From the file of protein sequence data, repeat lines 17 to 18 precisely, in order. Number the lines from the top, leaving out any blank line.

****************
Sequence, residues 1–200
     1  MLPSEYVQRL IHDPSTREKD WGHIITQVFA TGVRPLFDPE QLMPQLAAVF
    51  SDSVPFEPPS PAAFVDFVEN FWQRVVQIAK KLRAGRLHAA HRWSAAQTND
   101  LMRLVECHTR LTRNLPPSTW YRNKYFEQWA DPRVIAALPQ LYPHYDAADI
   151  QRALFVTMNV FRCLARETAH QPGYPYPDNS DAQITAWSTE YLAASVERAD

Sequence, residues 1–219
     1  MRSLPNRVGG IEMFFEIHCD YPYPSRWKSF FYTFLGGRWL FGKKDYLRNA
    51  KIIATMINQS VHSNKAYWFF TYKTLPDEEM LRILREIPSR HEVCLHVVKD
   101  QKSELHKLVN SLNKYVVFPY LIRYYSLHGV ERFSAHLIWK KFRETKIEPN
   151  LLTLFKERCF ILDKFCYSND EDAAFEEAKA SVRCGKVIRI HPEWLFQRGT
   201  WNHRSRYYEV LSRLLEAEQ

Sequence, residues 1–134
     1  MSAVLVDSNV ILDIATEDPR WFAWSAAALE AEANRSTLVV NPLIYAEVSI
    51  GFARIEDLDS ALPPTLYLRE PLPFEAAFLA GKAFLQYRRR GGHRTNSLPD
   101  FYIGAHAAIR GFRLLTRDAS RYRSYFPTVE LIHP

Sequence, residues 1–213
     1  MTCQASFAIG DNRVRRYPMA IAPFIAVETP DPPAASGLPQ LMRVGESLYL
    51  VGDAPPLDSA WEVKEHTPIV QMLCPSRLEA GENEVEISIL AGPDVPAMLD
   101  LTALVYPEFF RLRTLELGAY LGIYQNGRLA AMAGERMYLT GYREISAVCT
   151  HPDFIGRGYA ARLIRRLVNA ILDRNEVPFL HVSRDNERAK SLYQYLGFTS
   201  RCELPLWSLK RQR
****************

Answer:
     1  MTCQASFAIG DNRVRRYPMA IAPFIAVETP DPPAASGLPQ LMRVGESLYL
    51  VGDAPPLDSA WEVKEHTPIV QMLCPSRLEA GENEVEISIL AGPDVPAMLD